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California bill aims to close wage gap for women workers

Female employees would not face retaliation if they ask how much male colleagues are paid

LOS ANGELES — California women workers who suspect their male colleagues earn more money than they do for the same work could soon ask how much they make without fear of retribution.

The California Fair Pay Act or Senate Bill 358, touted as the strongest equal pay law in the nation, is expected to be signed into law soon by Gov. Jerry Brown, who tweeted his support and urged lawmakers to pass it. The California Chamber of Commerce dropped its initial opposition after wording changes and now supports the bill.

The bill ensures that men and women who perform “substantially similar” work receive equal pay, even if they have different titles or work in different offices for the same employer.

“Equal pay isn’t just the right thing for women, it’s the right thing for our economy and for California,” said State Democratic Senator Hannah-Beth Jackson, the bill’s sponsor. “And it is long overdue. Families rely on women’s income more than ever before.”

The gender gap in salaries continues nationwide. Women who work full-time were typically paid 79 cents for every dollar paid to their male counterparts in 2014, according to U.S. Census Bureau data released earlier this month.

In California, women workers earn 84 cents on the dollar but the inequality widens tremendously for women of color. Latinas make only 44 cents for every dollar a white man makes — the largest gap in the nation for Hispanic women workers. African-American women are paid 64 cents on the dollar.

“What’s important about this particular law is that it provides specific protection for inquiring about wages of other employees,” said Laura Riley, staff attorney with the California Women’s Law Center. “And it has an enforcement mechanism.”

The Division of Labor Standards Enforcement has the power to investigate complaints filed with the agency and request wages on the employees’ behalf. The worker’s name would be confidential.

“It really doesn’t allow companies much wiggle room,” said Ange-Marie Hancock, associate professor of gender studies and political science at the University of Southern California. “The burden has really shifted to the employer. The employer has to demonstrate and report that they are in fact paying people equally.”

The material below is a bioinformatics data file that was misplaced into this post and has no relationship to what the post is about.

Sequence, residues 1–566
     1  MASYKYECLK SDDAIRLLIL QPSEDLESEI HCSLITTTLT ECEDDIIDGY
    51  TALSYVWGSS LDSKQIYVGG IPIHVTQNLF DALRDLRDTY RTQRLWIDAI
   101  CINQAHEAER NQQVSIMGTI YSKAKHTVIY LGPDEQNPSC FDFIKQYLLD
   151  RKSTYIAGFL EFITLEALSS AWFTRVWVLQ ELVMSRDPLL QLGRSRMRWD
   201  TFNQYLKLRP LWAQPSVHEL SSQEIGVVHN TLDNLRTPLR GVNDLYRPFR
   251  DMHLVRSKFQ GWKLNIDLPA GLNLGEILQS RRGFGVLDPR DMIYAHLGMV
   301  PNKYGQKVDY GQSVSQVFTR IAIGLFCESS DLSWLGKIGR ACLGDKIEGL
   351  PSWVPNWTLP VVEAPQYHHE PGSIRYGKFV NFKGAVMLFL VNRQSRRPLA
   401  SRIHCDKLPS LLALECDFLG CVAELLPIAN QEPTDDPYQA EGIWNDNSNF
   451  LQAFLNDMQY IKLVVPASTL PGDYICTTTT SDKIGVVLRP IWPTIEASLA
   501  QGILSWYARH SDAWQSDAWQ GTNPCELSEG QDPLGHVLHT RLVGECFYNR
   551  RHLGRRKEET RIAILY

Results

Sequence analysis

California is a state of firsts and when the law is signed, Hancock predicts it will influence wage policies in other states and at the federal level.

California has been at the center of high-profile lawsuits alleging gender-based discrimination against tech giants, including Microsoft, Google and Twitter.

A gender discrimination lawsuit filed by Ellen Pao sparked a national discussion over wage disparity in the tech industry. A civil jury found that the venture capital firm Kleiner Perkins Caulfield & Byers did not discriminate against Pao, a one-time junior partner, because of her gender. Pao was pressured to resign as interim chief executive of popular website Reddit.

And the Sony hacking scandal unveiled evidence that women actresses are paid less than men in Hollywood. A former lawyer with the Directors Guild of America sued the union last month alleging she was paid less than her male counterparts.

The California Fair Pay Act “may have the impact of encouraging employers to examine whether there is in fact wage parity,” Riley said. “It empowers workers without fear of retaliation and discourages pay secrecy. … This has the potential of lowering the poverty rate for working women.”

Another bill on Brown’s desk would require employers to advertise a job’s minimum pay and would prohibit employers from asking about salary history unless the job applicant agrees in writing to share it. The measure introduced by Democratic Assemblymember Nora Campos would effectively bar employers from using previous salaries as justification for paying women less than men.

The wage gap costs the state and families $33.6 billion a year in lost income, Jackson said.

“That money could be flowing into families’ pocketbooks, into our businesses and our economy,” she said. “The time is now for women’s paychecks to finally reflect their hard work and true value.”


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